10 Religious Verses Used To Justify Terrible Atrocities

10 Biblical Figures Who Teach Outrageous Morals

The ‘Gospel of Jesus’s Wife’ Is Real: What Now?

10 Truly Bizarre Or Unsettling Biblical Accounts

10 Misconceptions About Jesus

Millennials ‘Talk To God,’ But Fewer Rely On Religion, Survey Finds

​God’s 12 Biggest [Mean] Moves in the Old Testament

When Thomas Jefferson Rewrote The Entire Bible

Mary Magdalene Was Never A Prostitute

Hout and Fischer conclude that a big part of the decrease in religiosity can be attributed to “liberals and moderates declaring no religious preference as a way of rejecting the growing connection between churches and conservative politics, especially conservative cultural politics on topics such as the family, women and sex. [They] were saying, in effect, if that is what religion means, count me out.”

Again, I love God.  I just don’t like a lot of the things human beings say about God.  It’s time for right-thinking people of all religions to take back their religion from those who would misuse it for their own purposes.

God is love.  Peace.

The Possibility of Miracles

This post is about Easter.

But first, I want to start with a couple of preliminary thoughts, before I write the substantive content.

First, about religion. I am a Christian, though not always a good one. I am a fairly active member of a local Methodist church. Having said that, my religious philosophy can best be described as a “many paths” approach. Unlike much of the religious right, with whom I largely disagree, I do not believe that one religion is better than another. And I do not believe that there is only one path to heaven or a heaven-equivalent. I believe there are many. Many paths. Many maps. But paths and maps that have far more similarities than differences, and paths and maps that lead to substantially the same destination.

Second, about miracles. My personal definition of a miracle is something good and very important that happens in the face of a set of circumstances that make it highly unlikely that a good result will occur.

For those who celebrate it, of course, Easter is about miracles.

I have personally witnessed two miracles that I know of. Neither involved me or my family. Both involved friends and specifically children of friends.

The first occurred 3-4 years ago. A friend of mine’s son was in a horrible automobile accident. He was in a coma for weeks and at one time the prognosis was not good (to put it mildly). During his long stay in the hospital, I stopped by on my way home from work several times a week. I saw his parents in a state of complete anguish. I and many others prayed for this young man. A lot.

My friend’s son woke up. Got better. A weak ankle is about all that remains from that horrible event. It was a miracle. How do I know? Because I believe it to be so, based on my definitions and my meditations.

The second one occurred this week. Easter week 2006. Some other friends of ours have a little girl about Cassidy’s age. They live in different states, but they know each other and are friends. This little girl got sick a month or so ago. Very sick. Initially, the prognosis was very dire. Again, people prayed. Family, friends and strangers. Through a web site the family started to keep friends updated so they could focus on medical care, people all over the world came to know and care about this little girl.

Earlier this week brought a diagnosis of a treatable disease. I was overcome with joy (literally) when I read the good news. Because this little girl is going to be OK. And because I knew, again using my personal definition, that I had witnessed another miracle.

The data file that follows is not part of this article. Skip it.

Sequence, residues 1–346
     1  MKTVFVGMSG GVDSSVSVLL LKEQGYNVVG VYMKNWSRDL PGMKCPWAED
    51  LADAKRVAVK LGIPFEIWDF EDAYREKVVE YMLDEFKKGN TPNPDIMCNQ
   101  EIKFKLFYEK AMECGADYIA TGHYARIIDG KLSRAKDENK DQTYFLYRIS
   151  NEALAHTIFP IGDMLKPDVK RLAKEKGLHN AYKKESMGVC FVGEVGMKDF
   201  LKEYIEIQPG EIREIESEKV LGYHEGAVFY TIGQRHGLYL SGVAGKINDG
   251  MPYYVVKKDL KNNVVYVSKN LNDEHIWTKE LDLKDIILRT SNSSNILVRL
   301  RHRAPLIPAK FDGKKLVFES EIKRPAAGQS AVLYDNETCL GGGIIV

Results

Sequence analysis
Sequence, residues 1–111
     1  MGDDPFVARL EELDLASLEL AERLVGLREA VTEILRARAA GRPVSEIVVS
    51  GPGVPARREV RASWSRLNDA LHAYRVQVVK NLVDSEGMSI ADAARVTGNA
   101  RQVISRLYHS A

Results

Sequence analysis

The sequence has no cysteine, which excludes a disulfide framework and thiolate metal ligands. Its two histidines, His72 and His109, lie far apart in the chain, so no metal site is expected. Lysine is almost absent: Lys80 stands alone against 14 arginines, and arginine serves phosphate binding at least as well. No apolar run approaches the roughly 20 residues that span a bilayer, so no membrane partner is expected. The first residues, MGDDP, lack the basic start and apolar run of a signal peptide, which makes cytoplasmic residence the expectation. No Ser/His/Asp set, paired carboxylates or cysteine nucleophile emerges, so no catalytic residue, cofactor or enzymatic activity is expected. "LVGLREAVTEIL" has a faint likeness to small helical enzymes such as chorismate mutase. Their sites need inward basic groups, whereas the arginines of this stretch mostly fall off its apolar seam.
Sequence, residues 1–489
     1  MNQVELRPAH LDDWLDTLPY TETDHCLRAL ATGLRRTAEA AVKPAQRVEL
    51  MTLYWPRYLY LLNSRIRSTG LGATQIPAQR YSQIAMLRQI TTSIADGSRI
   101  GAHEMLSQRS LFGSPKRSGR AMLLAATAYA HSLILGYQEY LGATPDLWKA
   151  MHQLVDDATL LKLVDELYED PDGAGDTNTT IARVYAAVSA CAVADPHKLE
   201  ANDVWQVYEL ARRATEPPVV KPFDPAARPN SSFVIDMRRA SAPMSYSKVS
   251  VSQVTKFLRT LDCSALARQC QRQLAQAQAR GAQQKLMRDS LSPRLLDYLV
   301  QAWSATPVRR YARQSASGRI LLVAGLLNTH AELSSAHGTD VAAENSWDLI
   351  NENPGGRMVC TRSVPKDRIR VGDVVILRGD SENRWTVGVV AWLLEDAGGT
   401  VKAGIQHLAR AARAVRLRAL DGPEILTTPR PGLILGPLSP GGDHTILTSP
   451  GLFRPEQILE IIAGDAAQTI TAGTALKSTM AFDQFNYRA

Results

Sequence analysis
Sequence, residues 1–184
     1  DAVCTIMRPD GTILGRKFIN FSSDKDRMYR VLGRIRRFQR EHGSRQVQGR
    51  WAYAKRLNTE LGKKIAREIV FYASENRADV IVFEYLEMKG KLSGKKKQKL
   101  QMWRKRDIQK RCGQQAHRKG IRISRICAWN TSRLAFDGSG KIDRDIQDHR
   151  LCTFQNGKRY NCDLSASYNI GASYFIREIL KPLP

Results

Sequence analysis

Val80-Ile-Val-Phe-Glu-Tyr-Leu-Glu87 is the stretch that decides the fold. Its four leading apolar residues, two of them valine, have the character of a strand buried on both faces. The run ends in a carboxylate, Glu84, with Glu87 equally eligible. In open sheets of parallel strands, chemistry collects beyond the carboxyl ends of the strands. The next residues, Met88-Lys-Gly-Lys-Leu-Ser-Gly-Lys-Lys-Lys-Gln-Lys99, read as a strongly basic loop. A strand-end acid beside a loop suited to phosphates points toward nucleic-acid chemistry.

Miracles are complicated, however. There is no recipe for them and they are often withheld, even in the face of sustained and widespread prayer.

For that reason, I cannot and do not attribute prayer as the reason for miracles. It is simply not possible to do so. Otherwise, prayers would have brought upon miracles in other situations where they were needed just as much. Prayers would have protected Dear Elena (for whom I still mourn even though I didn’t know her personally). Sadly, there are many more examples of miracles withheld than there are of miracles occurring.

Thus, when we celebrate a miracle that did happen, we simultaneously mourn the ones that didn’t.

Miracles are not a mathematical equation- which is difficult for someone like me who sees almost everything as math. Miracles are about faith. Faith not that they will happen, because too often they don’t.

Faith only that they can happen. Faith to recognize it when one does happen.

Miracles cannot be predicted. They can only be hoped for. For many, that hope and the recognition that miracles sometimes do occur is the basis of prayer for those in need.

Prayer is the celebration of the possibility of a miracle.

That doesn’t make it any easier for me to think about the miracles that didn’t happen. But it does allow me to reconcile, at least to an extent, the pure joy and gratitude I feel when I think about our friends’ daughter getting well with the sorrow I feel when I think about miracles withheld.

It’s the possibility of miracles that I am grateful for on this Easter.

Friday's Link:

Friday’s Link for this week is I love the idea of an unbiased site where I can read and learn about the world’s religions. This site was created as part of the author’s preparation for a doctoral program in the history of religion. I love this quote from the FAQ:

What religion are you, if any?

I’m not telling and it’s not relevant anyway. is not intended to promote or support any one religion and I have done my best to keep any and all personal biases out of it.

In addition to a lot of factual information about various religions, the site contains links to news stories involving religion and some very well written original articles. I am going to spend a lot of time reading this site. I hope the author writes a lot!

I found out about this web site from Eamonn Sullivan’s web site, which I enjoy and read regularly.